The race was stopped as safety workers pulled Newman from the wreckage but after he was checked and released, Newman leveled criticism at NASCAR's continued Talladega tinkering.

"It's just a byproduct of Talladega racing ... unfortunately," Newman said. "We got hit from behind that turned me sideways, then I got up in the air and just kept flipping and flopping. Unfortunately, the cage came down on top of my head and I couldn't get out.

"It was a boring race and it was a ridiculous race. To see 43 cars run single file is not worth showing up here today for.

"The more rules, the more NASCAR is telling us how to drive the race cars, the less we can race and the less we can put on a show for the fans. As I said, I will go back in the day, David Pearson, Richard Petty, Bobby Allison, Dale Earnhardt, Darrell Waltrip, all those guys, they respected each other. In the end there were some big accidents, but geez, we don't need the cars getting upside down like this. This is ridiculous.

"There is way more technology than that to help us out. Whether it is a speed issue, a roof-flap issue, whatever. It is a shame that not more is getting done.

"I guess maybe I expect NASCAR to call me. I am the only guy out there with an engineering degree. I would like to have a little respect on my end."

When it was suggested that Newman go talk to NASCAR, the driver shot back, "I am not going to talk to them. It just doesn't matter."

It was a race that ranged from boredom, when drivers joked on the radio about listening to their iPod and needing No-Doz to stay awake, to sheer horror at the end, when winning team owner Jack Roush said that he wanted to "throw up" because he didn't know which strategy to take when some of the top cars were running out of fuel.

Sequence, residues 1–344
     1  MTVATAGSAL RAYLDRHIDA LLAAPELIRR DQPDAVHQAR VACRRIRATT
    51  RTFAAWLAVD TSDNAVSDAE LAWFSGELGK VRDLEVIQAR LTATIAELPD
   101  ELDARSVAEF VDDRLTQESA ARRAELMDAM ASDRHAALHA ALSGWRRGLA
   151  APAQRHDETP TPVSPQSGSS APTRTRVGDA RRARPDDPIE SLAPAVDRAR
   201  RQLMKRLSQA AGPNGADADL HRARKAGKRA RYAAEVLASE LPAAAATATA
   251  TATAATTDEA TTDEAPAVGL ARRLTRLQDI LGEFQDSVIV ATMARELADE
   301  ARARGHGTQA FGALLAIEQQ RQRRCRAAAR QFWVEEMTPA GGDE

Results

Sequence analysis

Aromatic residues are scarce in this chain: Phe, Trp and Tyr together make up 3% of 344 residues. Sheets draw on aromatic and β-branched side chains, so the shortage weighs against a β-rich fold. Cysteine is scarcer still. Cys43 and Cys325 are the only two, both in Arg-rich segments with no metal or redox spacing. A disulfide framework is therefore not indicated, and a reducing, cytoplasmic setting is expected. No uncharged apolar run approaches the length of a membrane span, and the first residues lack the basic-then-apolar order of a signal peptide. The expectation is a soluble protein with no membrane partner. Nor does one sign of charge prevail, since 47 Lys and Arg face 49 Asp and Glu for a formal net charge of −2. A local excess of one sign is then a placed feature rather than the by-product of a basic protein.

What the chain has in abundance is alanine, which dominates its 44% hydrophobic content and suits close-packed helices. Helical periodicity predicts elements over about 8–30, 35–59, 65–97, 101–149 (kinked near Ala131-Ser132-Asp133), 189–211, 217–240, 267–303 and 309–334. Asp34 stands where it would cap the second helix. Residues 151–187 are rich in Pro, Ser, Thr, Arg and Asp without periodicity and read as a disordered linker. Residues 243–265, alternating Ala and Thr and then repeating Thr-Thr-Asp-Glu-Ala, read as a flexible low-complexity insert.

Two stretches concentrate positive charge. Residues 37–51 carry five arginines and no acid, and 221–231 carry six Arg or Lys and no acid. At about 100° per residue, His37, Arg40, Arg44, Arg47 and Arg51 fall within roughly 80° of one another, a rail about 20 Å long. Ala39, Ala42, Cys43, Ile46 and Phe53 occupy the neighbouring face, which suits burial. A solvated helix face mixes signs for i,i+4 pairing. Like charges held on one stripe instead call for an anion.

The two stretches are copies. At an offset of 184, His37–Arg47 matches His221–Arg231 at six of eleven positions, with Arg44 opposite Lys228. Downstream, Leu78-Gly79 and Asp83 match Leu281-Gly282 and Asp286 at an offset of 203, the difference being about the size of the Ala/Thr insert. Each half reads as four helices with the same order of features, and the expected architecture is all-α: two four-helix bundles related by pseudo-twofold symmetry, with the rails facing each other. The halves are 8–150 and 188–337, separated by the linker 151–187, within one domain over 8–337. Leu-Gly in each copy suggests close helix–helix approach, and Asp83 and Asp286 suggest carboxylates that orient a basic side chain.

And no matter how many changes NASCAR officials make at this racetrack, the nature of restrictor-plate racing will produce contests such as Sunday's.

"We go through this every year about how we have the gas pedal and the steering wheel, but until somebody sits in these cars they don't know what it's like," Johnson said. "Until then, we're a product of what everyone wants to see."

Well, not quite. There were long periods of the race where nobody saw any racing, just a high-speed single-file parade. Prohibiting bump-drafting in the turns may have been a good start for improving driver safety, but the two big crashes at the end were a result of cars getting rear-ended on straightaways.

This is all part of the NASCAR thrill ride known as Talladega Superspeedway, and it's only fitting that the latest horror came on Halloween Weekend.

"My recommendation to them a long time ago, and still is, I think basically we're just punching too big of a hole and we've got too much power to go along with that if you take away from that wicker," Jeff Gordon said. "When you take 40 cars or 20 cars and pack 'em, it's just bumper cars at 190 mph."

Give NASCAR some credit for attempting to remedy the situation. After all, NASCAR wanted to keep a car from flying into the fence, such as what happened last April when Carl Edwards was knocked out of the way by eventual winner Brad Keselowski while heading for the checkered flag.

But the latest tinkering has produced a no-win situation for the 43 drivers in the race.

In the end, there were two winners on Sunday -- McMurray won the race and Johnson virtually clinched the championship.

Unfortunately, both left little to celebrate.

Don't look for Danica Patrick to make her first NASCAR Nationwide Series start in the No. 5 JR Motorsports car at Phoenix International Raceway in two weeks, according to NASCAR team owner Rick Hendrick.